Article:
After seven years of tinkering out in the garage, Pat Martin’s
handbuilt aircraft flies high…with a little help from his friends
Some build birdhouses. Some build Adirondack chairs for the deck. Others escape to their shop to tinker with gun cases, craft hobbies and various furnishings.
Pat Martin…he builds an airplane.
In the garage…
Over the course of seven years…
With a little help from his friends…
Shortly after retiring from his military career, Martin decided to “build his wife an airplane.”
With a long, distinguished career in the military, Martin spent alot of time around aircraft–though he wasn’t a flyer in the service.
He earned his civilian pilot license not long after graduating from Pelican Rapids High School in 1973. Martin served four years active duty with the U.S. Air Force, then continued his career with the Fargo Air National Guard–attaining the rank of general.
Martin’s craft will be on display August 10 at the Pelican Rapids city airport for the Fly-In Drive-In breakfast, 8 a.m. to 1 p.m.
It had long been on Martin’s mind when his lifelong flying friend, Steve Johnston, built a Zenith CH701 (the predecessor to the Zenith CH-750) in 2006 and spoke very favorably about its performance.
But Martin, and several volunteer flying enthusiasts, decided to dabble even further as they built the craft–with several modifications and enhancements.
Both Martin and Johnston share a lot of similarities: love of aviation, never ending curiosity, tinkering to see “what would happen if we did this?”
Steve and Pat “re-designed” the horizontal tail on Steve’s CH-701 to make it not only a little longer, but they also changed the leading-edge airfoil design. After this was shown to improve how it handled, they did a similar change to the main wings – redesigning the leading-edge airfoil with one of their own designs – and the results were equally satisfying.
With over 400 hours on his CH-701, Steve fully tested the new design and gave it “two-thumbs up.” Pat decided to incorporate this “proven design” into his aircraft.
Don Ness, a local pilot and builder, has been with Pat “since the first rivet was pulled on N750TD” seven years ago. Don is equally skilled like Steve and came up with a few ideas of his own during the building process.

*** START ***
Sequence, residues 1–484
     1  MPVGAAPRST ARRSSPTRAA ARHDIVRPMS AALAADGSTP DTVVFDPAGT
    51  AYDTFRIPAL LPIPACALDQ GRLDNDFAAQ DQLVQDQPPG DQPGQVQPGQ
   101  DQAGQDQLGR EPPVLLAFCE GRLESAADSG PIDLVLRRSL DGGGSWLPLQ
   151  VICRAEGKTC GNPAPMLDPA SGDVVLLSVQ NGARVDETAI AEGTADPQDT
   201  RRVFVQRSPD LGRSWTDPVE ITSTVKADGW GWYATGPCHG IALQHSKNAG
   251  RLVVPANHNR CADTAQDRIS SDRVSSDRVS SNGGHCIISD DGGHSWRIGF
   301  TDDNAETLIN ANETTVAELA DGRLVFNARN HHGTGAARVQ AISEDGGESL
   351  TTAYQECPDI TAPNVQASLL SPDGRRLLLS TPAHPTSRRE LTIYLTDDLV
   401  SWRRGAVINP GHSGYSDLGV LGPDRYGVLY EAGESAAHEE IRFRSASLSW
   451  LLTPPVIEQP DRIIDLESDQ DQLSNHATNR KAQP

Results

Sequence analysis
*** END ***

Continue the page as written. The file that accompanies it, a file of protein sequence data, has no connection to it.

He designed a “push-rod system” for the elevators, that originally were to use a cabling system. The push-rod system allows for tighter control of the elevators and also allowed for a greater travel range – something other builders were saying needed improvement.
The results were “better than anticipated” when Martin first flew his airplane on July 6 after a thorough FAA inspection.
Probably the most notable change from the original aircraft kit was the tailwheel in the back. The CH-750 STOL kit comes with a nose wheel, but Martin had always flown with “conventional gear” and decided that if he was only going to have one airplane for many years, it had to have a tailwheel on it. Thus the selected FAA designator of N750TD – “750” for the Zenith model CH750, and “TD” for TailDragger. When he went to get insurance, the insurer wanted him to have “10 hours of dual in a tailwheel CH-750”.
When Martin explained, “that would be quite impossible because I have the only tailwheel CH-750 in existence,” they decided to waive that requirement, but stated he had to “have 10 hours of solo time before taking any passengers with.”
Over the seven years of building, many friends have stopped by to have coffee and share stories. Some stayed to visit longer than others, and some provided valuable help.
The four main “helpers” were Don Ness since day one; Bob Babler, who unfortunately passed away in January 2015; Steve Foster who stayed to help after Bob passed away; and a young, homeschooled Noah Bradrick who stopped by one Wednesday to see what this was all about and decided to return every Wednesday for a couple years while building the wings – receiving an unexpected hands-on lesson in aircraft construction.
An article in the January 2015 Kitplanes magazine stated: “There’s little doubt that the two events that captured the most attention at AirVenture 2014 were the Thunderbirds and the One Week Wonder.”
The One Week Wonder was a Zenith CH750 Cruzer – very similar to Pat Martin’s CH-750 STOL, that came out of a crate of materials and was assembled and flown one week later to demonstrate that the kit can be built in minimal time.
“Ours took slightly longer…” commented Martin, “Whenever a modification is incorporated there are always additional hours involved, and N750TD incorporated numerous modifications. However, I believe the real reason it took so long is that we all enjoyed my wife Norma’s cooking – whether it be orange rolls, scones, etc. for morning coffee, or a delicious noon meal. We realized that the sooner we finished, the sooner the delicious meals would disappear! Also, whenever pilots meet over coffee, there are numerous stories to be told and heard – and they too take time!”
When N750TD first took flight on July 6 “it was a very satisfying moment to realize the many hours of dedication and labor by many friends finally, successfully, came together. The dream is alive!”